Mixed signals were sent by the Indonesian government as a force of international peacekeepers was being assembled to intervene in East Timor. The Amy commander there said his troops would begin withdrawing once the UN force, under Australian leadership, arrived - as soon as tomorrow. But Indonesia also had yet to OK air drops of food for supporters of independence, thousands of whom have fled the cities for their safety. And, in a largely symbolic move, the government said it was breaking off its security treaty with Australia, whose criticism of the chaos in East Timor has been harsh.
Leaders of the militias behind the anti-independence violence in the troubled province vowed to "fight to the last blood" against the peacekeepers. But separatist chief Xanana Gusmao pledged that his followers would cooperate fully with the UN force and would seek no reprisals against the anti-independence militias.
An exploding truck bomb collapsed the front of another Russian apartment building, killing at least 17 people. The blast in Volgodonsk, 500 miles south of Moscow, injured 184 others and caused heavy damage to surrounding buildings. It was the fourth apartment-complex explosion in Russia in two weeks, all of them apparently timed to inflict maximum casualties as residents slept. President Boris Yeltsin summoned new Prime Minister Vladimir Putin to discuss the matter, amid speculation that a state of emergency would be declared, allowing Yeltsin to rule by decree.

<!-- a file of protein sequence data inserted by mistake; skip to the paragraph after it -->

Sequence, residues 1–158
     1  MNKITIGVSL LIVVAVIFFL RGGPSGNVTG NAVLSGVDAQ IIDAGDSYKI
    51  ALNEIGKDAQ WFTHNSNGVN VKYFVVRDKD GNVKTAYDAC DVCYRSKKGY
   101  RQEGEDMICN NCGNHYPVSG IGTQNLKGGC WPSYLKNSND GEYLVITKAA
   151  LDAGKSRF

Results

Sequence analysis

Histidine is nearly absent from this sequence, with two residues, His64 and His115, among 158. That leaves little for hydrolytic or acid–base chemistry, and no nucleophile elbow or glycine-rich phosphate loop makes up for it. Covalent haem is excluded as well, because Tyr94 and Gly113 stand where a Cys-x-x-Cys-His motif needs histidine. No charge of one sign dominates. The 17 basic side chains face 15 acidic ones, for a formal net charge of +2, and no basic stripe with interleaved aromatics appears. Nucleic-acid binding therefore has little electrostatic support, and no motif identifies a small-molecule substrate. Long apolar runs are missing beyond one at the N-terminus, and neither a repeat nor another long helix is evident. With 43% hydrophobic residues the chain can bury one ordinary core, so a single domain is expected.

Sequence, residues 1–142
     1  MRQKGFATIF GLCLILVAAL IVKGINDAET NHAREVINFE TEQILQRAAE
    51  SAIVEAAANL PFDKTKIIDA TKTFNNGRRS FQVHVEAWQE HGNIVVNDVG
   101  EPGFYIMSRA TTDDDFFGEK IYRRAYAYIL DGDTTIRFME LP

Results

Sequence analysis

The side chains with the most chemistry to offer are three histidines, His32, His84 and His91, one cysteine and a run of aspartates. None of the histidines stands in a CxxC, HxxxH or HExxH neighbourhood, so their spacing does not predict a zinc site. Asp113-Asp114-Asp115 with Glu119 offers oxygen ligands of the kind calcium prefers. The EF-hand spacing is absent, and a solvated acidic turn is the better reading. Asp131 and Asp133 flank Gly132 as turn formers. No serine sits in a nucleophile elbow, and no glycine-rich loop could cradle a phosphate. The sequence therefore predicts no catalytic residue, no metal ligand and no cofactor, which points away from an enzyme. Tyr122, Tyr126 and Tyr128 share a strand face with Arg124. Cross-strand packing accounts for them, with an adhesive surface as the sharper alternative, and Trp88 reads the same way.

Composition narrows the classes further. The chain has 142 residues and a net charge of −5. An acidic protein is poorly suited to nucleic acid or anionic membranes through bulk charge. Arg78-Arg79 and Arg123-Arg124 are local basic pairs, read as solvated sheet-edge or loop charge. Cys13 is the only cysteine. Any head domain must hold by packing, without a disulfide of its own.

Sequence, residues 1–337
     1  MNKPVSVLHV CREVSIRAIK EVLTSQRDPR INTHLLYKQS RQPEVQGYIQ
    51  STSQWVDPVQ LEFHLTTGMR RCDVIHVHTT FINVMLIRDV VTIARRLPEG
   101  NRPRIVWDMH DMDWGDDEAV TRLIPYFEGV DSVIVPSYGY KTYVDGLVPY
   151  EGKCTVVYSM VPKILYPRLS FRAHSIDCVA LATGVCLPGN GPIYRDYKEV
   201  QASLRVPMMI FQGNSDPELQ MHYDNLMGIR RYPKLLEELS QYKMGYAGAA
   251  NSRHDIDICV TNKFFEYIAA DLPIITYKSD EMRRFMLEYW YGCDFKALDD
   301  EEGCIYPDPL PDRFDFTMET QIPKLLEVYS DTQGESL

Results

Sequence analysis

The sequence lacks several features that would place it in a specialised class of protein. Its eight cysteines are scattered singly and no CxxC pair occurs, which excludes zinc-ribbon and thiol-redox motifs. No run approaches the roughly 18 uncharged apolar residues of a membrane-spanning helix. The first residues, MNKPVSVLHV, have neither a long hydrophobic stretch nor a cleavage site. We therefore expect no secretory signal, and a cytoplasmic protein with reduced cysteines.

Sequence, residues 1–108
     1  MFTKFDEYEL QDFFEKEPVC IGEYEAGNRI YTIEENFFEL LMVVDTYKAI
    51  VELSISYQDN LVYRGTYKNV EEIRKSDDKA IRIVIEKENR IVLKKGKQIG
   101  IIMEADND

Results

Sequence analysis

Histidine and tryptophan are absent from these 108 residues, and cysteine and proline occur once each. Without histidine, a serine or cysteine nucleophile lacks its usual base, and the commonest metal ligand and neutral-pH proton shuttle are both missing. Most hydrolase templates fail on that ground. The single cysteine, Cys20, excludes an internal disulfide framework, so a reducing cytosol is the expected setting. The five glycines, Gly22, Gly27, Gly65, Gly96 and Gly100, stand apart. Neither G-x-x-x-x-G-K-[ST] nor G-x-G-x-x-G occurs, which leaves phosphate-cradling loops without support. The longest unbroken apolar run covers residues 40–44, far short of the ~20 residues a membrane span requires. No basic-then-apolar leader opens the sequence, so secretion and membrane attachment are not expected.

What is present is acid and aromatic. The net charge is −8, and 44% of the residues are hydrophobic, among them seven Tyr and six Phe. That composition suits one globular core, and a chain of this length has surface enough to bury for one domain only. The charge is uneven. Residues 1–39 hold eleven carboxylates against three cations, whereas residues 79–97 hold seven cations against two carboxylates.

Seventeen million eligible voters were being asked to endorse the peace plan proposed by Algerian President Abdelaziz Bouteflika to end the nation's seven-year civil war. The deal, which would grant amnesty to Islamic insurgents in exchange for surrendering their weapons, has been OK'd by parliament, but Bouteflika wants the public's approval as well. In the weeks leading up to the vote he repeatedly claimed that foreign investors were ready to spend $4 billion in Algeria if he could show he had such backing.
Another third-place finish appeared likely for the party of German Chancellor Gerhard Schrder as voters in the eastern state of Saxony prepare to go to the polls Sunday. Opinion surveys show his Social Democrats (SPD) may win only 16 percent of the ballots, well behind the locally powerful Christian Democrats and even the Communists. Last week, the SPD also fell to third in Thuringia, its fourth loss in state voting this year. Schrder has acknowledged his unpopular austerity plan is partly to blame for the defeats.
One death, 370 injuries, hundreds of arrests, and at least $400 million in lost production were the price impoverished Bangladesh paid for a three-day nationwide general strike, authorities said. The walkout, called by opposition leaders to press their demand for the resignation of Prime Minister Sheikh Hasina, ended Wednesday. No elected Bangladeshi government has completed a five-year term since independence was achieved in 1971. Hasina is in her third year.
(c) Copyright 1999. The Christian Science Publishing Society